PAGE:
CHAPTER 16: Quantum Mechanics and the Hydrogen Atom Waves and Light Paradoxes in Classical Physics Planck, Einstein, and Bohr Waves, Particles, and the Schrödinger equation The Hydrogen Atom Questions
More informationNotes on wavefunctions
Notes on wavefunctions The double slit experiment In the double slit experiment, a beam of light is send through a pair of slits, and then observed on a screen behind the slits. At first, we might expect
More informationQuantum Mechanics: mysteries and solutions
Quantum Mechanics: mysteries and solutions ANGELO BASSI Department of Theoretical Physics, University of Trieste, Italy and INFN  Trieste Angelo Bassi 1 Quantization of light: Planck s hypothesis (1900)
More informationCHAPTER 5 THE HARMONIC OSCILLATOR
CHAPTER 5 THE HARMONIC OSCILLATOR The harmonic oscillator is a model which has several important applications in both classical and quantum mechanics. It serves as a prototype in the mathematical treatment
More informationNotes on wavefunctions III: time dependence and the Schrödinger equation
Notes on wavefunctions III: time dependence and the Schrödinger equation We now understand that the wavefunctions for traveling particles with momentum p look like wavepackets with wavelength λ = h/p,
More informationAP Chemistry A. Allan Chapter 7 Notes  Atomic Structure and Periodicity
AP Chemistry A. Allan Chapter 7 Notes  Atomic Structure and Periodicity 7.1 Electromagnetic Radiation A. Types of EM Radiation (wavelengths in meters) 101 1010 108 4 to 7x107 104 101 10 10 4 gamma
More informationConceptual Approaches to the Principles of Least Action
Conceptual Approaches to the Principles of Least Action Karlstad University Analytical Mechanics FYGB08 January 3, 015 Author: Isabella Danielsson Supervisors: Jürgen Fuchs Igor Buchberger Abstract We
More informationAn Introduction to Quantum Cryptography
An Introduction to Quantum Cryptography J Robert Buchanan Millersville University of Pennsylvania email: Bob.Buchanan@millersville.edu An Introduction to Quantum Cryptography p.1 Acknowledgments Quantum
More informationOn the Linkage between Planck s Quantum and Maxwell s Equations
The Finnish Society for Natural Philosophy 25 Years K.V. Laurikainen Honorary Symposium 2013 On the Linkage between Planck s Quantum and Maxwell s Equations Tuomo Suntola Physics Foundations Society Email:
More informationLecture 18: Quantum Mechanics. Reading: Zumdahl 12.5, 12.6 Outline. Problems (Chapter 12 Zumdahl 5 th Ed.)
Lecture 18: Quantum Mechanics Reading: Zumdahl 1.5, 1.6 Outline Basic concepts of quantum mechanics and molecular structure A model system: particle in a box. Demos how Q.M. actually obtains a wave function.
More informationPHY4604 Introduction to Quantum Mechanics Fall 2004 Practice Exam Solutions Dec. 13, 2004
PHY4604 Introduction to Quantum Mechanics Fall 2004 Practice Exam Solutions Dec. 1, 2004 No materials allowed. If you can t remember a formula, ask and I might help. If you can t do one part of a problem,
More information3.1 Photoelectricity AS13. 3.1 Photoelectricity 2
Photoelectricity Einstein s quantum explanation of the photoelectric effect  Einstein used Planck s quantum theory of radiation, (see Revision Card AS1), to explain photoelectric emission. He assumed
More informationHarmonic Oscillator Physics
Physics 34 Lecture 9 Harmonic Oscillator Physics Lecture 9 Physics 34 Quantum Mechanics I Friday, February th, 00 For the harmonic oscillator potential in the timeindependent Schrödinger equation: d ψx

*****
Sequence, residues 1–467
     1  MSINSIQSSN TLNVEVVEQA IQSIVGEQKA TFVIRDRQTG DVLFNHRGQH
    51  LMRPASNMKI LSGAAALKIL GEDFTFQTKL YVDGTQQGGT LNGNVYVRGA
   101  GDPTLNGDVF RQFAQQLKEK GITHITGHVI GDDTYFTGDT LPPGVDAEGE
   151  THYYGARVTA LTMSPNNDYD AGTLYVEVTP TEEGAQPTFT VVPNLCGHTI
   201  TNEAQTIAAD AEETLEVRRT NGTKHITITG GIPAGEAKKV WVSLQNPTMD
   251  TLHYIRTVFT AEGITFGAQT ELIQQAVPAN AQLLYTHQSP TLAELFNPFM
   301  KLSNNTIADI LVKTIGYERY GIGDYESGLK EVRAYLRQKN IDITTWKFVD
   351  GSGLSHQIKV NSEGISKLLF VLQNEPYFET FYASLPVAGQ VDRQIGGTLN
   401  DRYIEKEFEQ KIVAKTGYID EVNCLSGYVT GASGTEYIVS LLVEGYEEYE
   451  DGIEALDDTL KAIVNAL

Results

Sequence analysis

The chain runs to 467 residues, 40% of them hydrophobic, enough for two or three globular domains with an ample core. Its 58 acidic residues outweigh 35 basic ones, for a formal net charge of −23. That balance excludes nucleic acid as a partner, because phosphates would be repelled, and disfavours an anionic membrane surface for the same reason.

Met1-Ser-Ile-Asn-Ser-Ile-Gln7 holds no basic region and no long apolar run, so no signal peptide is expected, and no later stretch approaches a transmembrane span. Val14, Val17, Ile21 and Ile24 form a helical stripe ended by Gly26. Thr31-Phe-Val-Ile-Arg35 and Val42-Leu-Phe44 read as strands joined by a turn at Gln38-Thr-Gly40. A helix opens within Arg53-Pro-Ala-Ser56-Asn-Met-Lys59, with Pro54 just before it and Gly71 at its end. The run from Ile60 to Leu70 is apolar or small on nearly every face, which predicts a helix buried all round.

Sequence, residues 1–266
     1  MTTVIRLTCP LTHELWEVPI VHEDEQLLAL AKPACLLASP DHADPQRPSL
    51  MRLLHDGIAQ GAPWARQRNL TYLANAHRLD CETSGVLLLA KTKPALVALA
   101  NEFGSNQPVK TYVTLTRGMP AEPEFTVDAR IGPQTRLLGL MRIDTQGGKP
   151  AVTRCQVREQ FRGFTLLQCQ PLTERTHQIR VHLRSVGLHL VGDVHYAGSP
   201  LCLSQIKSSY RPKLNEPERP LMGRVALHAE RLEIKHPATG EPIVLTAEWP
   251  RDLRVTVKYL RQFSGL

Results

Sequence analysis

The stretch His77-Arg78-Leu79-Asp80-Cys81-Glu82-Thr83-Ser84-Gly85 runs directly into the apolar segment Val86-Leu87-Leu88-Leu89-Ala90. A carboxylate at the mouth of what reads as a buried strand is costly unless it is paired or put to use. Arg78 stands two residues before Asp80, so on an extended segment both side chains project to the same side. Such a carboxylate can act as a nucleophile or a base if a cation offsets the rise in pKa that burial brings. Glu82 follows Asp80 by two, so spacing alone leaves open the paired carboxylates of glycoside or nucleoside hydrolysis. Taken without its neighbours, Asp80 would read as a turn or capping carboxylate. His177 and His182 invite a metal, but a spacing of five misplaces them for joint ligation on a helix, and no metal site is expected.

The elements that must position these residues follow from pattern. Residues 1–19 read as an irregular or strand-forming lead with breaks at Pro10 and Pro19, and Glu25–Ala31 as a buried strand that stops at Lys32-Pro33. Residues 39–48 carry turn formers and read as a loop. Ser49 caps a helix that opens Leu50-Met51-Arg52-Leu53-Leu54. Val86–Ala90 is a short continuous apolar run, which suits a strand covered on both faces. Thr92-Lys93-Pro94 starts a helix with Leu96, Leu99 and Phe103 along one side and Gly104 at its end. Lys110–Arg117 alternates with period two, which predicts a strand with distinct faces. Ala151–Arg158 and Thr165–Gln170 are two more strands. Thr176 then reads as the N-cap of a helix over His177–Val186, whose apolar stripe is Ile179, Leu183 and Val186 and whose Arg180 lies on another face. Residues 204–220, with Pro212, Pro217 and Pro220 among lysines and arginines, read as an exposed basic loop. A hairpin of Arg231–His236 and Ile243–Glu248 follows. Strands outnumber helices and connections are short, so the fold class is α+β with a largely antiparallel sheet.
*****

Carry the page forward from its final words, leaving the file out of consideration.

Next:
More informationLecture 4. Reading: Notes and Brennan
Lecture 4 Postulates of Quantum Mechanics, Operators and Mathematical Basics of Quantum Mechanics Reading: Notes and Brennan.3.6 ECE 645  Dr. Alan Doolittle Postulates of Quantum Mechanics Classical
More informationSolved Problems on Quantum Mechanics in One Dimension
Solved Problems on Quantum Mechanics in One Dimension Charles Asman, Adam Monahan and Malcolm McMillan Department of Physics and Astronomy University of British Columbia, Vancouver, British Columbia, Canada
More informationChapter 35: Quantum Physics
Newton himself was better aware of the weakness inherent in his intellectual edifice than the generations which followed him. This fact has always aroused my admiration. Albert Einstein 35.1 The Particle
More informationExperiment 1 Wave Phenomena: Interference
Experiment 1 Wave Phenomena: Interference 1. Objectives Observe the wavecharacteristic of light using diffraction and interference. Apply the law of diffraction to find the wavelength of the light and
More informationElectromagnetic Radiation
Electromagnetic Radiation Wave  a traveling disturbance, e.g., displacement of water surface (water waves), string (waves on a string), or position of air molecules (sound waves). [ π λ ] h = h sin (
More informationChapter 11 Modern Atomic Theory
Chapter 11 Modern Atomic Theory Rutherford s Atom The concept of a nuclear atom (charged electrons moving around the nucleus) resulted from Ernest Rutherford s experiments. Question left unanswered: how
More informationSymbols, conversions, and atomic units
Appendix C Symbols, conversions, and atomic units This appendix provides a tabulation of all symbols used throughout this thesis, as well as conversion units that may useful for reference while comparing
More informationSubatomic Physics: Particle Physics Lecture 4. Quantum ElectroDynamics & Feynman Diagrams. Antimatter. Virtual Particles. Yukawa Potential for QED
Ψ e (r, t) exp i/ (E)(t) (p) (r) Subatomic Physics: Particle Physics Lecture Quantum ElectroDynamics & Feynman Diagrams Antimatter Feynman Diagram and Feynman Rules Quantum description of electromagnetism
More information221B Lecture Notes Quantum Field Theory (a.k.a. Second Quantization)